Innovative Mapping Tools Power Your Fiber Project

By: Dustin Heath, Director Operations and Technology - CHR Solutions

Do you remember what it was like to go on a road trip before the Internet? You planned your route using your fold-out map or road atlas, and you relied on a separate guidebook for suggestions of restaurants, gas stations, and rest areas along the way. What that system couldn’t do is tell you if a road was closed for construction, if there was a speed trap coming up, if your favorite eatery had closed, or whether the cost of gas was less expensive at exit 77 or 79.

Compare that experience to using an app like Google Maps. Your entire driving route, up-to-the-minute information about driving time and road conditions, details for local businesses and places of interest, and other features are built into a seamless experience. Why would you ever go back to doing it the original way when the new tools we have make the trip so much better?

Fiber broadband deployment planning

This difference between the old way and the new way is what it’s like when you use geospatial technology to design and build your fiber broadband deployment. Here’s how it used to work: Techs working in the field would enter recent construction and network information—which addresses had been passed with fiber, which areas were ready for the next step—into a spreadsheet. A separate spreadsheet might be kept by design and planning with information about the status of permits. Your finance department had their own spreadsheets. When it was time to assess project status and various key performance indicators (KPI), an employee would painstakingly combine the information from multiple sources—with information that was likely weeks old—into new reports to present to the executive team. Creating KPI reports was time-intensive and offered information of limited usefulness because it was out of date by the time the report was finished. This is the old way, the fold-out map and printed guidebook equivalent of running a fiber project.

Using geographic information system (GIS) technology on a user-friendly platform for your fiber deployment makes a profound difference. The United States Geological Survey defines GIS as “a computer system that analyzes and displays geographically referenced information.” In other words, GIS is essentially a digital combination of mapping and data tools. GIS isn’t a new concept—what’s new is geospatial mapping data combined with accessible digital dashboards on a single platform that helps you plan and track your broadband deployment.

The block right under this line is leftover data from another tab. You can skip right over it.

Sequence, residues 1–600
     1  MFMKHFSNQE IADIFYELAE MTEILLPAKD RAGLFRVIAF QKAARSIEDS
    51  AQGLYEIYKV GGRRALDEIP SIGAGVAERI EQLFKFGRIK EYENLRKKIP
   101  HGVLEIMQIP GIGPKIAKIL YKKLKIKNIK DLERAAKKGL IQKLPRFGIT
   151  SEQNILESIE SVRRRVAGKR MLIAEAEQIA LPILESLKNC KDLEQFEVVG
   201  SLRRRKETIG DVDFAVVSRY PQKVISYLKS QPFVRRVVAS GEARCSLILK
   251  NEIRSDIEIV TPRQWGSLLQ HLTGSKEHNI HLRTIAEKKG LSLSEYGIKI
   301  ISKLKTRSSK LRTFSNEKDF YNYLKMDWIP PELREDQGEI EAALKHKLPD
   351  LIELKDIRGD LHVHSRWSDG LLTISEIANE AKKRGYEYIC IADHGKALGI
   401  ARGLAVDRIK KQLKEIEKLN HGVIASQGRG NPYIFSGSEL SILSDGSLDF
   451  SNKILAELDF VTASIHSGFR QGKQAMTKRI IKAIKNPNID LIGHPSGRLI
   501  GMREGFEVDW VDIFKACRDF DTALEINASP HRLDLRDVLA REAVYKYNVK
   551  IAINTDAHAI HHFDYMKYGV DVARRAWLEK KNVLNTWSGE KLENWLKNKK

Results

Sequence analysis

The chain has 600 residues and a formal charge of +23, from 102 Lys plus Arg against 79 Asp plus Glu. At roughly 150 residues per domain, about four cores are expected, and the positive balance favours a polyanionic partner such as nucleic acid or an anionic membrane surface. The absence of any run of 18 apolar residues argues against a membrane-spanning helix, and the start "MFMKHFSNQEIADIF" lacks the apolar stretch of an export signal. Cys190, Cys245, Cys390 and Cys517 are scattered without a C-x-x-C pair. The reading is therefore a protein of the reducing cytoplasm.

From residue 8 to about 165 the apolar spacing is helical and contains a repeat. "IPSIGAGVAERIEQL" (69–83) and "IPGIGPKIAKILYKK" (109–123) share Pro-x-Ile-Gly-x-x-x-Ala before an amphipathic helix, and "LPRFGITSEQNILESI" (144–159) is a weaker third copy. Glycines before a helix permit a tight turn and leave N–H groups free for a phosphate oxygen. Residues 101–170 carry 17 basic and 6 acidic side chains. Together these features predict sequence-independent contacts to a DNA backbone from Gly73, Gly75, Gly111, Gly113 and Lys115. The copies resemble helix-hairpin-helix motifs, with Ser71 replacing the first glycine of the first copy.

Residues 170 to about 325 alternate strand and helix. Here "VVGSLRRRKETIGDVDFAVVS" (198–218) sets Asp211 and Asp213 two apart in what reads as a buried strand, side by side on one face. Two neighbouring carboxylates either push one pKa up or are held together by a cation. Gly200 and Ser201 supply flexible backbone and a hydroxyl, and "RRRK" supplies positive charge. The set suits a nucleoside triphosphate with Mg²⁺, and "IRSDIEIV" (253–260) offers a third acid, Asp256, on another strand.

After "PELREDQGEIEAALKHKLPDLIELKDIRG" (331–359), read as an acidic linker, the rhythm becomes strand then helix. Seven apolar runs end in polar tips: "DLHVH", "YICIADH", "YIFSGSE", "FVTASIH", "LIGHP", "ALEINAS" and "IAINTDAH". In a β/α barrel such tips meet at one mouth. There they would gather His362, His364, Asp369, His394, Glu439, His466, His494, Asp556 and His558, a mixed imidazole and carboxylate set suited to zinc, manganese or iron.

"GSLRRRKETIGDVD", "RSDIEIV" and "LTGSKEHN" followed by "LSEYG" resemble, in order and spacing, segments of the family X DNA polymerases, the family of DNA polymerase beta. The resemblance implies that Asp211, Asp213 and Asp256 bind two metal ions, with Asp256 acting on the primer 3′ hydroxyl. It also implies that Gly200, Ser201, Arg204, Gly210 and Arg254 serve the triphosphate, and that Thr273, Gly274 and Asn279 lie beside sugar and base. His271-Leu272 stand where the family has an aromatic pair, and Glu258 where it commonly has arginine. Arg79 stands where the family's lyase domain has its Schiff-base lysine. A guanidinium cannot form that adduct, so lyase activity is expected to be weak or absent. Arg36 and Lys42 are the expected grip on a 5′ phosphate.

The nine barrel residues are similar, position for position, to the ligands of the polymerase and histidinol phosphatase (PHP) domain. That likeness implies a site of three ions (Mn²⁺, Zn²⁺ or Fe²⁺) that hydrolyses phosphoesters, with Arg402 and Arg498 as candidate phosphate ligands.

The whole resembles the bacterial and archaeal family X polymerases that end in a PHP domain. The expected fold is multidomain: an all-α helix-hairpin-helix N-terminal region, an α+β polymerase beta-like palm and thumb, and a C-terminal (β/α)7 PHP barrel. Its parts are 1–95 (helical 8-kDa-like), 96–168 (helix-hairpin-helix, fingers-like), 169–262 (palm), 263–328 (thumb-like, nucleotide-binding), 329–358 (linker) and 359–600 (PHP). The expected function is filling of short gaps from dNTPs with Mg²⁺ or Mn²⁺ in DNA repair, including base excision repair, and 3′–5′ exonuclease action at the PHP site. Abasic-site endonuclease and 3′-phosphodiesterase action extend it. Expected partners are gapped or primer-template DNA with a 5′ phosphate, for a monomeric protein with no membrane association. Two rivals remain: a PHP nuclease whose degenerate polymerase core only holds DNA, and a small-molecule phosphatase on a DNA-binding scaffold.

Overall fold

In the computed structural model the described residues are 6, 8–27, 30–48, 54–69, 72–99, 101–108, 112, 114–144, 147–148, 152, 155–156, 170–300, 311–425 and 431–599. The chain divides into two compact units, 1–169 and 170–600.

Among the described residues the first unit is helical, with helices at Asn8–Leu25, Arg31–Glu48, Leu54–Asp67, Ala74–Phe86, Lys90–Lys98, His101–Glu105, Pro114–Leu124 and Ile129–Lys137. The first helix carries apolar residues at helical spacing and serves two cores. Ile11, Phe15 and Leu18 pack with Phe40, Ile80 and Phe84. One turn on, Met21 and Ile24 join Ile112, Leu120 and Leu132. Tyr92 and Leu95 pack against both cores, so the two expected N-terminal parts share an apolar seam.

Applied correctly, geospatial data can increase the efficiency of your fiber project, giving you real-time information about permits, connectivity, construction, and more. As you enter data into the system, KPIs around planning, design, construction, and more are updated automatically based on what field personnel have collected or what has been designed. The result of applying geospatial data to a fiber build is improvements in several areas: user accessibility, efficiency of materials acquisition and budgeting, digital automation, interdepartmental communication, and customer experience. Let’s look at each of these in turn.

User accessibility in geospatial technology

Accessibility is one of the most significant advantages of geospatial technology. Your team has access to project information in a visual format—tied to a map showing areas of construction—that is easy to understand. Dashboards can show where the network is fully connected and allow users to drill down to see the status of unconnected areas, including information about the status of permit applications, the materials needed, the construction schedule, and more. Dashboards present a user-friendly graphical interface that lowers the bar of entry for your team. The dashboards and their details are now accessible by anyone in the company who has the permission to view it. A user doesn’t need a GIS degree to see how many miles of network were connected this week, and reports don’t rely on a GIS manager. Now, the status of your fiber project—overlaid on a map of your construction area—can be seen and understood by nearly anyone.

Efficiency of materials acquisition and budgeting

It used to be that the financial numbers that appeared on reports were last month’s numbers, or maybe from just two weeks ago if you were lucky. Dashboards can be created to include financial information that lets you see budget issues and react more


Latest Updates

Subscribe to our YouTube Channel